In the same chapter, Milman again says:-SITI November 26, 1885, page 711.3

    “The Pontificates of Damasus and Siricius [A.D. 367-398] beheld almost the last open struggles of expiring Roman paganism, the dispute concerning the Statue of Victory in the Senate, the succession of a large number of the more distinguished senators, the pleadings of the eloquent Symmachus for the toleration of the religion of ancient Rome. To such humiliation were reduced the deities of the Capitol, the gods, who, as was supposed, had achieved the conquest of the world, and laid it at the feet of Rome. But in this great contest the Bishop of Rome filled only an inferior part; it was Ambrose, the bishop of Milan, who enforced the final sentence of condemnation against paganism, asserted the sin, in a Christian emperor, of assuming any Imperial title connected with pagan worship, and of permitting any portion of the public revenue to be expended on the rites of idolatry. It was Ambrose who forbade the last marks of respect to the titular divinities of Rome in the public ceremonies.”SITI November 26, 1885, page 711.4

    The final triumph of the pseudo-christian religion was gained in the early part of the 6th century, when Pope Symmachus anathematized the Emperor Anastasius. See Cyclopedias, art. “Anastasius,” and “Decline and Fall,” chap. 47, par. 22. At the same time, paganism in the West was overthrown by Clovis, king of Franks, a cruel and bloodthirsty tyrant, who had been converted to the Christianity that was then popular, by his wife, Clothilde, who was a Catholic. Clovix had promised her that if he were victorious in a battle which he was about to fight near Cologne, A.D. 496, he would turn Christian. After a severe struggle, he gained the victory, and soon after had and several thousand of his followers were baptized. He afterward, A.D. 507-8, by virtue of his superior skill and strength in battle, succeeded in “converting” the entire nation of the Visigoths, so that Christianity became the nominal religion of the entire Roman world. (See “Decline and Fall,” chap. 38, par. 1-30; Guizot’s “History of France,” vol., chap. 7.) Because of these Christian acts, he received from the pope the title of “Most Christian King.”SITI November 26, 1885, page 711.5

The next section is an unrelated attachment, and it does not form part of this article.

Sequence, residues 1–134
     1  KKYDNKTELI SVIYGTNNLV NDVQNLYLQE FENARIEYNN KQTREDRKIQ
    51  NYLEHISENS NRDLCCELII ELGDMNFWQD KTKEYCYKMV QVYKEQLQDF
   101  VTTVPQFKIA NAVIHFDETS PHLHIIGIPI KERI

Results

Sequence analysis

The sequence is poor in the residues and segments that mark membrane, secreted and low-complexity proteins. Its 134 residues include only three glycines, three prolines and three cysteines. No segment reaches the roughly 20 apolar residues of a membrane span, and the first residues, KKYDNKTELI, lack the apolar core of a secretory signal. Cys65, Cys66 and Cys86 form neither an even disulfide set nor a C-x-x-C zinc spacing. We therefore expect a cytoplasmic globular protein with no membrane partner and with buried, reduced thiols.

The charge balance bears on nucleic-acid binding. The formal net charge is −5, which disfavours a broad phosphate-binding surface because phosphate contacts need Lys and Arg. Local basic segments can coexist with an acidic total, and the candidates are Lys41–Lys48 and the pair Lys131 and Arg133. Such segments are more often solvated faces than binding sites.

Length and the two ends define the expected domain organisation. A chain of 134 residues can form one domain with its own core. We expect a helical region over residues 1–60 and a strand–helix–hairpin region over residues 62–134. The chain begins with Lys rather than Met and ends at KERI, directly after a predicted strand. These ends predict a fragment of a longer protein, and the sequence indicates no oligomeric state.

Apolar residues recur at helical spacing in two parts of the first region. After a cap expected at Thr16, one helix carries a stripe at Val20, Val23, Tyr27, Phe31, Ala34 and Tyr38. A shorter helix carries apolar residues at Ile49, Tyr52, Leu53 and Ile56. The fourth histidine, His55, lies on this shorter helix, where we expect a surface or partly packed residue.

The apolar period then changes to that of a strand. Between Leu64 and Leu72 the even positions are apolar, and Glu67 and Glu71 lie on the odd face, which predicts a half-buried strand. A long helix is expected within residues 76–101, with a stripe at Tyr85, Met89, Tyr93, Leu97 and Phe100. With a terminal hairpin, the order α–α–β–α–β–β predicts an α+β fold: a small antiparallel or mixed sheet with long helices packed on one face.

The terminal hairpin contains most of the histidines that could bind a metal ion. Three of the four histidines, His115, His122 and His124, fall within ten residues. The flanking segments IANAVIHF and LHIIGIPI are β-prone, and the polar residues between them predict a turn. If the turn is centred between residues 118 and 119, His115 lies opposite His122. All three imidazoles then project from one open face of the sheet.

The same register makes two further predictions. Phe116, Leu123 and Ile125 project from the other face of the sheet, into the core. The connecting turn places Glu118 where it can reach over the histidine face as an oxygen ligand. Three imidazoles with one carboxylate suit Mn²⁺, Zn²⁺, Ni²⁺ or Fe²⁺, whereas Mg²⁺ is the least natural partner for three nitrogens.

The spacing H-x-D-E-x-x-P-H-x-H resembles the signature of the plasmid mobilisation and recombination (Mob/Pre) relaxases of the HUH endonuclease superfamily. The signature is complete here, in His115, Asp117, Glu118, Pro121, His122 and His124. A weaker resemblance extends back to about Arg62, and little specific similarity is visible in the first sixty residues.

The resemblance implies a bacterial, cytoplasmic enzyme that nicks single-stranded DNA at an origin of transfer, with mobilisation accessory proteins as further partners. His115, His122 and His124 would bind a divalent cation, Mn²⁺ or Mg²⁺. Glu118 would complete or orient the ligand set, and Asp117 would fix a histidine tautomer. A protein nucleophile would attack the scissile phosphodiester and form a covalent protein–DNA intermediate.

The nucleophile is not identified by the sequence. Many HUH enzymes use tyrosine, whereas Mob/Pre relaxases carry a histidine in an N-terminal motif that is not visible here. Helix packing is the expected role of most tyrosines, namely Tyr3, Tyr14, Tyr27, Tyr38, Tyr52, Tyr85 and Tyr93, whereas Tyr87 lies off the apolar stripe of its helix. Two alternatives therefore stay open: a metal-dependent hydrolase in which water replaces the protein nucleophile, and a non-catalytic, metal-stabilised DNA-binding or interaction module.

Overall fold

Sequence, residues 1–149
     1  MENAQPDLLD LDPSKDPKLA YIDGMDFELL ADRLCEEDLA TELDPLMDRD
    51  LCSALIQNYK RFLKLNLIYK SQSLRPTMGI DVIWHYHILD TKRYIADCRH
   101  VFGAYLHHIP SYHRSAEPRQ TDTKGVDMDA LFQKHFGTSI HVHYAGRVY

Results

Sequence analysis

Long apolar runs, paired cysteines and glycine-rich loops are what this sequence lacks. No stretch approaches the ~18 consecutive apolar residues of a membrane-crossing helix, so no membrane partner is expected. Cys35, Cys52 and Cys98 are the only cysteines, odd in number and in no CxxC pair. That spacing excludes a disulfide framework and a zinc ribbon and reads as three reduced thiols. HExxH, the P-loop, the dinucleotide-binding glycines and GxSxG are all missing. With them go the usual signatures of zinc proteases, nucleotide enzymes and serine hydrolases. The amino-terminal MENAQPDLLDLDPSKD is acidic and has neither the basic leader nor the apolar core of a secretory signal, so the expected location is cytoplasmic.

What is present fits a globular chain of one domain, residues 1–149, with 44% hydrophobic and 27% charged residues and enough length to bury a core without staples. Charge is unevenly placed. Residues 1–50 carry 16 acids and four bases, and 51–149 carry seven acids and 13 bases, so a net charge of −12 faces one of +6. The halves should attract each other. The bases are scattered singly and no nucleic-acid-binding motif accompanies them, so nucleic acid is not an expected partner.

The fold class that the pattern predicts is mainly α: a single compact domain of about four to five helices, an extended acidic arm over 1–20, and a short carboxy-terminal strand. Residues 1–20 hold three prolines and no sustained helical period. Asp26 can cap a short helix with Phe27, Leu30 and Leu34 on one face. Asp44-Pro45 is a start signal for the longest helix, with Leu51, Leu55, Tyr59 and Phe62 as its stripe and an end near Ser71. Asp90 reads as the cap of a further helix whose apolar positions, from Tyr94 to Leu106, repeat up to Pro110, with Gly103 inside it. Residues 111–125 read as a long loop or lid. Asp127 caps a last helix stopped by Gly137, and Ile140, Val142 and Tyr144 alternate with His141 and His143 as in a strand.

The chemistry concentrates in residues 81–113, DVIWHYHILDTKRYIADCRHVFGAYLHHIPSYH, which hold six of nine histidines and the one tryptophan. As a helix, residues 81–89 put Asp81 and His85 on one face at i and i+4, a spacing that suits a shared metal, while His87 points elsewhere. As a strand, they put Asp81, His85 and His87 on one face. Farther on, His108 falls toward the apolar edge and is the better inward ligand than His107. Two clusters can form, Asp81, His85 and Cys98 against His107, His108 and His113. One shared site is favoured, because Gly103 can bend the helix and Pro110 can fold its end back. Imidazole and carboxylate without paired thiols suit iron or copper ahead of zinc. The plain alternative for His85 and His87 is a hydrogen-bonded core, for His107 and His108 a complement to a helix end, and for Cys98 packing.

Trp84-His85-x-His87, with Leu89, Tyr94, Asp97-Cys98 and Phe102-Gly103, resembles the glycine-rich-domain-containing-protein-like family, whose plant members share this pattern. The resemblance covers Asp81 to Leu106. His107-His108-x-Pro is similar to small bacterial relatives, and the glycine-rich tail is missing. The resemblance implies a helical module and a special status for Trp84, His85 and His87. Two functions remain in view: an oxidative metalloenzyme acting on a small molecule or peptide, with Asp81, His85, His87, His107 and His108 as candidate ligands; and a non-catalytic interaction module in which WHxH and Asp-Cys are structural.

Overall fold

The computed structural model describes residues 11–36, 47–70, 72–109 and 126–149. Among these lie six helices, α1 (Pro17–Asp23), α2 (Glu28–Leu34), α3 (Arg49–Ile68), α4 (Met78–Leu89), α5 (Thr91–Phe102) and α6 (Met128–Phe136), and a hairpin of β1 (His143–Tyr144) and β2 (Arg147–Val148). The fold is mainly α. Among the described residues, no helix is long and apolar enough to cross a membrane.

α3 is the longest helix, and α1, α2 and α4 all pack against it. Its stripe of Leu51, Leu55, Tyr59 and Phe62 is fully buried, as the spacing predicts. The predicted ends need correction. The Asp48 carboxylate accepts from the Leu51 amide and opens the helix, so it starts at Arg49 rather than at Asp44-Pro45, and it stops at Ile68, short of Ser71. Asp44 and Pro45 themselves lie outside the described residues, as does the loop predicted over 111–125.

Thus was the “continual desolation” taken away that the “transgression of desolation” might run its course. In A.D. 538, as previously shown, the papacy became supreme by the conquest of its rivals, and it pursued its career unchecked until 1798. Since then its temporal power has gradually become extinct, but its spiritual power, though seemingly limited, is greater than ever. Its opposition to “all that is called God, or that is worshiped,” has not diminished, nor will it cease until the Lord shall consume that Wicked with the spirit of his mouth, and destroy it with the brightness of his coming. 2 Thessalonians 2:8. E. J. W.SITI November 26, 1885, page 711.6

    “Judged by the Law” The Signs of the Times, 11, 45.

    E. J. Waggoner

    “For as many as have sinned without law shall also perish without law; and as many as have sinned in the law shall be judged by the law; ... in the day when God shall judge the secrets of men by Jesus Christ.” Romans 2:12-16.SITI November 26, 1885, page 712.1

    In the two verses here quoted, there is matter for our most serious consideration, which does not appear from a casual reading. In them are brought to view the Judgment. We speak of the day of Judgment as “The day of wrath, that dreadful day,” and it is doubtful if any one can really think of that day without feelings of awe or terror; yet no one can have any just appreciation of its awfulness unless he has carefully studied the law of God, by which men are then to be judged; and our sense of the terrors of that day will be exactly in proportion to our understanding of the far-reaching sanctions of that holy law.SITI November 26, 1885, page 712.2

    The verses before us mention two classes,-those who have sinned without law, and those who, having sinned in the law, are to be judged by the law. The second class is the one with which we are specially concerned; but before we can fully comprehend what is said of it, we must briefly notice the class with which it is contrasted.SITI November 26, 1885, page 712.3

    This text gives no authority whatever for the theory that there are any people in the world on whom God’s law has no claims. The term “without law” is fully explained in verses 14 and 15, which are parenthetical. “For when the Gentiles, which have not the law, do by nature of the things contained in the law, these, having not the law, are a law unto themselves; which show the work of the law written in their hearts, their conscience also bearing witness, and their thoughts the meanwhile accusing or else excusing one another.”SITI November 26, 1885, page 712.4